I think often of my Aunt Lula.  Perhaps more so during these challenging and difficult times.

Because family dynamics can often be difficult and complex, out of respect I chose not to attend her funeral upon her passing.

Recently, I reached out to Lula’s Daughter, Theresa, who I haven’t spoken to in years.

She and I have had different lives even though we come from the same family.

Again, family paths and direction, not often chosen by children, likely played a role in the different routes she and I have taken in our lives.

I asked Theresa for permission to share Lula with others and to find ways to support the “Lula Mische Freshman Scholarship Fund” at St. Cloud State University in St. Cloud, Minnesota.

Created my by Uncle Will, the fund is intended to support students who have overcome obstacles such as socioeconomic or educational disadvantages or disabilities,  or are the first generation in their family attending college and members of groups that are underrepresented at the university, such as African Americans.

And, perhaps most importantly, as the documents creating the Lula Mische Freshman Scholarship Fund articulate:

“This scholarship was established by her husband, Wilfred, to inspire freshman students to be good scholars, to pursue their dreams and to interact with others from their heart.”

In the days ahead as I prepare for a journey that will take me to the places near where Lula was born, where she lived and where she worked, I will share more about the remarkable woman that was my Aunt.

In some small way I hope to remind myself, perhaps those of you reading this, and others I meet along the way of the common bond we each have as Americans.

That there is a shared journey each of us have as citizens of this nation.

Some of us have found ourselves traveling against the stream in that journey.

Others downstream.

But, all of us, in some way, have been on the same river of hope in America.

My Dad died in 1997.  Others in his family have departed through the years.  Those that remain, including my Uncle Will, have their own remarkable stories tied to their desire to make America a better place for all of us to live, work and raise our families.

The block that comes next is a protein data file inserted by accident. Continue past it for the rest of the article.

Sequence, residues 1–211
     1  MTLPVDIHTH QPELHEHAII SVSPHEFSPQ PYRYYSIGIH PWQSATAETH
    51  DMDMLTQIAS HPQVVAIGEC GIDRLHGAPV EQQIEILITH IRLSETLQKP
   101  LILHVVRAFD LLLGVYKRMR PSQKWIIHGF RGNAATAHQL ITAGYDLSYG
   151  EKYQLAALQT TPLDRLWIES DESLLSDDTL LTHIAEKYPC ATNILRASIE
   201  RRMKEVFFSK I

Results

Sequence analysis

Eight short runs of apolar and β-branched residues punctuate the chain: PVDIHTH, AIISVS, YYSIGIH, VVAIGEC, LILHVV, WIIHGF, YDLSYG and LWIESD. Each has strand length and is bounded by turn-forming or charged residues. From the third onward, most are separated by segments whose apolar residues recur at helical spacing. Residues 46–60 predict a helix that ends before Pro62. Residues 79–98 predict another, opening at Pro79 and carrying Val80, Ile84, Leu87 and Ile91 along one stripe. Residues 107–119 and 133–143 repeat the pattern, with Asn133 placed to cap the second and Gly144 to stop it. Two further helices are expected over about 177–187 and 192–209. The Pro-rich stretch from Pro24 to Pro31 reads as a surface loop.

They walked for civil and equal rights.  They worked inside of government, outside of government and against the government. They went to prison to end a war.

They, like my Aunt Lula, never quit trying to make America a better place for all Americans.

Their time, like my Dad’s, will come to an end.  Yet, who they are, what they did, and all they accomplished during their time on this Earth isn’t something I’m willing to let fade away.

On top of the work of others, they, like my Aunt Lula, contributed to a nation that is better than the one they found.

Others, like myself, and those of you reading this, have an obligation to now take that nation and build a better one for those that will come after our ashes are scattered to the wind.

As my journey begins, I will bring in my heart my family, the ones I love the closest and the dearest, along with me.

I will also bring my Aunt Lula and my Uncle Will’s admonition to interact with others from the heart through the heart of America.

All of us are on a river of hope in this boat we call America.

All of us must find a way to travel together.

If you want to support the Lula Mische Freshman Scholarship Fund with a donation go to and enter “Lula Mische Scholarship Fund”